As businesses closed in response to the coronavirus pandemic, many suddenly laid off and furloughed millions of employees. Layoffs were so severe, they nearly wiped out 10 years of job gains in just two months, and the official U.S. unemployment rate surged to 14.7% in April.

That marks the highest unemployment rate since the U.S. Bureau of Labor Statistics started tracking the monthly data in 1948, and it’s on par with BLS estimates of unemployment levels during the Great Depression in the 1930s.

Despite the already high numbers, millions of jobless Americans are not counted in that figure.

Workers are only counted as “unemployed” if they were out of work and searched for a job in the last four weeks, orr if they were temporary laid off.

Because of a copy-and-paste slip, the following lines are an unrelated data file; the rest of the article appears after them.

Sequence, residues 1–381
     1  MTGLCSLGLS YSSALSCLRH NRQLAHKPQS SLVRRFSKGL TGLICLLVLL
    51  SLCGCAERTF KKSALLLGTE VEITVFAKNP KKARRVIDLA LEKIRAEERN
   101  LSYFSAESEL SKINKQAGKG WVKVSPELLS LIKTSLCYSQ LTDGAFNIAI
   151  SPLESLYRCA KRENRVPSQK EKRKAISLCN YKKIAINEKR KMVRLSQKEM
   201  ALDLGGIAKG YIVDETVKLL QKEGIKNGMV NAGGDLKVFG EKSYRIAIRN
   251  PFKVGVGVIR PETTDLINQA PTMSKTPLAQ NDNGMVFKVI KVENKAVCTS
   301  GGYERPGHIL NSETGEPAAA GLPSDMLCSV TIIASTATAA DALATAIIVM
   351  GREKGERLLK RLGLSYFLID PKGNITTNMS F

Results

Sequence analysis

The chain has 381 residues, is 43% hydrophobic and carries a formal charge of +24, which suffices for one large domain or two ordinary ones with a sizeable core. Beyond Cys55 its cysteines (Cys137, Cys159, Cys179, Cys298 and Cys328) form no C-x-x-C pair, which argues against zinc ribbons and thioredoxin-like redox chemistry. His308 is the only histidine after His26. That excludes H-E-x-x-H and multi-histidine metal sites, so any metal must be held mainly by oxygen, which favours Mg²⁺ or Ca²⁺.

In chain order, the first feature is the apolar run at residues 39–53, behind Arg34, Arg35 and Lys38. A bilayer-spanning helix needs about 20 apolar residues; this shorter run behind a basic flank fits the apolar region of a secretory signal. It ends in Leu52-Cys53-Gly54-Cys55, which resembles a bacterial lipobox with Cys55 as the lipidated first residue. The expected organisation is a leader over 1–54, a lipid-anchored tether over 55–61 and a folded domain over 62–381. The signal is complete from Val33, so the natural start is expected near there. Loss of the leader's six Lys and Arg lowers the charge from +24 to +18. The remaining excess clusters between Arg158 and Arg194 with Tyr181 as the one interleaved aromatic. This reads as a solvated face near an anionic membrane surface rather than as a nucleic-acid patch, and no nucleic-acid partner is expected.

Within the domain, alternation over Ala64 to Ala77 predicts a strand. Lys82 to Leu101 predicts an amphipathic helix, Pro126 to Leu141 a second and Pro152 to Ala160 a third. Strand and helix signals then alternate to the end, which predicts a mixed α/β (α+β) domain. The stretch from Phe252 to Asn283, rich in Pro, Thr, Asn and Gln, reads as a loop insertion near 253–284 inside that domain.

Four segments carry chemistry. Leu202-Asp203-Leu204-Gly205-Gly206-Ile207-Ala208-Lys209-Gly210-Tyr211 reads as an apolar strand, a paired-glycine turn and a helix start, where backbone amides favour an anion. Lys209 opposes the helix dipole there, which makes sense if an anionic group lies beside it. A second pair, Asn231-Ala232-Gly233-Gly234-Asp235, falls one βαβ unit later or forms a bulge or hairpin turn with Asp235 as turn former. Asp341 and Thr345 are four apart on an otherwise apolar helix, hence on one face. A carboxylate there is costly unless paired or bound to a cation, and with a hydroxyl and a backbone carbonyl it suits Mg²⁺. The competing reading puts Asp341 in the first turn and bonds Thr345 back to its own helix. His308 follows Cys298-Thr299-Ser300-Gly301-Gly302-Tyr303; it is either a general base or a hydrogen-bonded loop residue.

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Many people who lost their jobs did not immediately begin job hunting, because many statewide shut down orders closed all but essential businesses. Those people who decided to hold off on their job search are not counted in the unemployment number.

According to CNN, the April unemployment rate doesn’t include: 6.9 million people who want a job but haven’t searched in the last 12 months; 10.9 million people who worked part-time “for economic reasons” (including those who had their hours reduced due to the coronavirus pandemic); and 2.3 million people who were “marginally attached” to the work force – meaning they ooked for a job in last year but not in the last four weeks.

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